Zoning Planning & Land Use Law in California
The laws governing how land can and cannot be used in Piedmont, California are fairly confusing, and can be confusing to laypersons. This should provide a basic overview.
Local governments will typically divide the city or town into sections, called "zones," each of which is designated for a particular use, such as residential homes, commercial businesses, agriculture, manufacturing, etc. This process is known as "zoning."
Zoning serves various different purposes - but it its basic one is to increase or preserve property values by ensuring that conflicting uses don't result in legal disputes. Obviously, if you bought a house in a residential neighborhood, and your neighbor could simply convert his property into a steel mill, your property's value as a residential lot would decrease considerably.
While zoning laws appear to be geared just toward protecting residents, they also protect industry, by ensuring that they are free to conduct their business without getting caught up in the several legal disputes that would be inevitable if they were closer to a residential area.
Possible Outcomes of Boundary and Title Disputes in Piedmont, California
You have quite a few options if you find that a planned or current use of your property violates Piedmont, California's zoning regulations.
First of all, and most simply, the owner could just fix the violation. If the violation isn't very substantial, and fixing it wouldn't cost very much, this is probably the best and easiest option.
What if, however, you've invested a substantial amount of time and money into making an improvement on your property, only to find that it violates your local zoning laws in some minor way? In this case, you can apply for a variance. This is typically an exception to the zoning rules. If declining to enforce these rules would not harm anyone, and would not do much to advance the purpose of Piedmont, California's zoning laws, a variance will typically be granted.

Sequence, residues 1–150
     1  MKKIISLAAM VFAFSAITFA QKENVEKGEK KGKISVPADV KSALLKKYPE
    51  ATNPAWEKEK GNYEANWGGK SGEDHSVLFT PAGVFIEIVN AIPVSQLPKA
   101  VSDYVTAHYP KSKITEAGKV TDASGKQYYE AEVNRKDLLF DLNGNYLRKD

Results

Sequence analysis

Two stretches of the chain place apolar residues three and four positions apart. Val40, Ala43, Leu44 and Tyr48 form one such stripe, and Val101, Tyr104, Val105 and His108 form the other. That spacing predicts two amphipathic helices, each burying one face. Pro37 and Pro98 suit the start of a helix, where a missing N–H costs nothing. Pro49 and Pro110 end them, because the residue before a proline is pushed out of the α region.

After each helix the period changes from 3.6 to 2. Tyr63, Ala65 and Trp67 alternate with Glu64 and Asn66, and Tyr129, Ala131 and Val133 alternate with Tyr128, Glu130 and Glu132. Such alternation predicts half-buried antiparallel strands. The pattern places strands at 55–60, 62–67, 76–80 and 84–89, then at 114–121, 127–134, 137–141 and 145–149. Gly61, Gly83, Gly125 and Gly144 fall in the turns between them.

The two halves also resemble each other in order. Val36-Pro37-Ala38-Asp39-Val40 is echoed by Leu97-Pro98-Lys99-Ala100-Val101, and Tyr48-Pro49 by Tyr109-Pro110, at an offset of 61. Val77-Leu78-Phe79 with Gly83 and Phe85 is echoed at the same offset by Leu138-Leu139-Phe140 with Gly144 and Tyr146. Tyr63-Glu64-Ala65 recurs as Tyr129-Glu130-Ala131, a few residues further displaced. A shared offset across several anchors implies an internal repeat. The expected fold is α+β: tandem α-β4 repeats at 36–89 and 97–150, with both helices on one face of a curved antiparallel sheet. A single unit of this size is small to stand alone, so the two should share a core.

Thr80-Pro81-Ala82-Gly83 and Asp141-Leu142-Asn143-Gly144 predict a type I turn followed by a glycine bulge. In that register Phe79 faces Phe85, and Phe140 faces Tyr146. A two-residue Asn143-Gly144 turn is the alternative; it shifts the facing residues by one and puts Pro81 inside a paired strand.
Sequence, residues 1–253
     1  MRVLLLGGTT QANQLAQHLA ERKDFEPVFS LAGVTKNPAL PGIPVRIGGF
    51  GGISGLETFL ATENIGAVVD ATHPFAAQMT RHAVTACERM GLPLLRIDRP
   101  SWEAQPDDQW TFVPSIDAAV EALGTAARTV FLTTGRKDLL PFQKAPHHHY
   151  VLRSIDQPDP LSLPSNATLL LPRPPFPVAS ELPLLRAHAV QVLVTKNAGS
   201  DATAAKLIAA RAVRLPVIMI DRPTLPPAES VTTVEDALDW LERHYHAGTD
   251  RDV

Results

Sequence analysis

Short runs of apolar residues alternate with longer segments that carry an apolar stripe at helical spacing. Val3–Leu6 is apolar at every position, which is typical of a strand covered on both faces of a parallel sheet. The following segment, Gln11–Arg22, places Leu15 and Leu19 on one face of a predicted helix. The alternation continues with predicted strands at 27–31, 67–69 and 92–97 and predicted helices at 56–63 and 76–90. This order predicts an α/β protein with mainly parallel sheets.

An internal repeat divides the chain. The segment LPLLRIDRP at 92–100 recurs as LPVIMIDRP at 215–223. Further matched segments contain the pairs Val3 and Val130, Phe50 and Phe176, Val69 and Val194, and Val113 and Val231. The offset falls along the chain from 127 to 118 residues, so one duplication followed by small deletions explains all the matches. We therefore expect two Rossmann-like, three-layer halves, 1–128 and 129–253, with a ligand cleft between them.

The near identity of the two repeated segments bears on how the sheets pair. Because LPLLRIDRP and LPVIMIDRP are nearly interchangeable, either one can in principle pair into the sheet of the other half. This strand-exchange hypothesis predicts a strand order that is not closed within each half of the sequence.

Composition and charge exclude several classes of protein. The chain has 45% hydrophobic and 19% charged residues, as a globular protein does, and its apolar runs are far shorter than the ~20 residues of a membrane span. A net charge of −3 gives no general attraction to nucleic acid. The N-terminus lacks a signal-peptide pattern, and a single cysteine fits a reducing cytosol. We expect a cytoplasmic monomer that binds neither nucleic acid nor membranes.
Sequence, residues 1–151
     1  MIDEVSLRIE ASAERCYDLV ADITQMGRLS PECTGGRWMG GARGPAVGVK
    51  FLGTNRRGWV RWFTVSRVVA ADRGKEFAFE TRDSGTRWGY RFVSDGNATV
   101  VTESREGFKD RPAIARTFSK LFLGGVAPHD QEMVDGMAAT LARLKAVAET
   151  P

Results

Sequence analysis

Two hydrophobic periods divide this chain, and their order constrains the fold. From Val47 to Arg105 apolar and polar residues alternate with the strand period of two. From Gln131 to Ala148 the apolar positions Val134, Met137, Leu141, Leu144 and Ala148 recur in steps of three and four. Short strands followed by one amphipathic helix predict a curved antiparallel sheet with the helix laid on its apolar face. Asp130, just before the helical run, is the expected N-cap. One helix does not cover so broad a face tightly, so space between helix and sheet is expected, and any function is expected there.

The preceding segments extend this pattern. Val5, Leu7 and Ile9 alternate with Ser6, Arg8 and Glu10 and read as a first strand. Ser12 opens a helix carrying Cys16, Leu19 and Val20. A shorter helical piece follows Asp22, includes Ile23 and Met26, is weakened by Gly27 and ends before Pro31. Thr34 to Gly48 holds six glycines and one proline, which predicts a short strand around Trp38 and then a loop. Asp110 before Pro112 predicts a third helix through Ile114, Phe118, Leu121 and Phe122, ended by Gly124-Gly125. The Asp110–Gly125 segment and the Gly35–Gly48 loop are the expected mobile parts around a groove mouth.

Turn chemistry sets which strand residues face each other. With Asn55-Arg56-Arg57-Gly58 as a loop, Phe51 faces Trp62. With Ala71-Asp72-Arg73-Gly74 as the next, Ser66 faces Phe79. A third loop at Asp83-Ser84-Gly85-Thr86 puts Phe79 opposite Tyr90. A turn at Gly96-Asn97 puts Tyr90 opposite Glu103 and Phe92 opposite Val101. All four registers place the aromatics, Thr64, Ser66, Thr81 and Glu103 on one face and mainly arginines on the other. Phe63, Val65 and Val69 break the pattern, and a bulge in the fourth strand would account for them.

Moreover, zoning ordinances cannot be applied against you retroactively. For example, suppose you built a 3-story house on your property, and your property was zoned to allow 3-story houses to be built at the time of construction. And then, years later, the area you live in is re-zoned, to only allow 2-story houses. Can the local government force you to remove a whole level of your house? Of course not. Applying a law retroactively is unconstitutional. On the other hand, any future changes you want to make to your property will have to comply with the applicable zoning ordinance as it is currently written.
What Can A Piedmont, California Attorney Do?
If you are in the process of physically altering your property, you are almost certain to face some concerns having to do with local zoning laws. If you find that zoning laws are making it very challenging to use your property as you see fit, you may have legal recourse, typically in the form of a variance. Of course, your chances of success in any zoning dispute will be immeasurably increased if you have the help of a qualified Piedmont, California attorney.